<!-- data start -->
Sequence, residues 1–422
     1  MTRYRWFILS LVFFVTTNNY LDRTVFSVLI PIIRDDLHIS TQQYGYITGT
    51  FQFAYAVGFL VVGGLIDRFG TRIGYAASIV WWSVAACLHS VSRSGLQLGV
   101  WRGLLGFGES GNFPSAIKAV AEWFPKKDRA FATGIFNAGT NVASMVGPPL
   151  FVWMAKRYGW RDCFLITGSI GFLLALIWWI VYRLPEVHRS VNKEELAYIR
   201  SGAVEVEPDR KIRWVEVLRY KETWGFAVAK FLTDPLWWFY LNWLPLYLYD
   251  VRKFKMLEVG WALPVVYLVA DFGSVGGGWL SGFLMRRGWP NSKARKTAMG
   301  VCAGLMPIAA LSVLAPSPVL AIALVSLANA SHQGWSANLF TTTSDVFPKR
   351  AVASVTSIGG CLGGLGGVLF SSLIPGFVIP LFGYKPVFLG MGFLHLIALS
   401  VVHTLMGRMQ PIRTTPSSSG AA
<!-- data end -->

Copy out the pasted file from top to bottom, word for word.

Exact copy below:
Sequence, residues 1–422
     1  MTRYRWFILS LVFFVTTNNY LDRTVFSVLI PIIRDDLHIS TQQYGYITGT
    51  FQFAYAVGFL VVGGLIDRFG TRIGYAASIV WWSVAACLHS VSRSGLQLGV
   101  WRGLLGFGES GNFPSAIKAV AEWFPKKDRA FATGIFNAGT NVASMVGPPL
   151  FVWMAKRYGW RDCFLITGSI GFLLALIWWI VYRLPEVHRS VNKEELAYIR
   201  SGAVEVEPDR KIRWVEVLRY KETWGFAVAK FLTDPLWWFY LNWLPLYLYD
   251  VRKFKMLEVG WALPVVYLVA DFGSVGGGWL SGFLMRRGWP NSKARKTAMG
   301  VCAGLMPIAA LSVLAPSPVL AIALVSLANA SHQGWSANLF TTTSDVFPKR
   351  AVASVTSIGG CLGGLGGVLF SSLIPGFVIP LFGYKPVFLG MGFLHLIALS
   401  VVHTLMGRMQ PIRTTPSSSG AA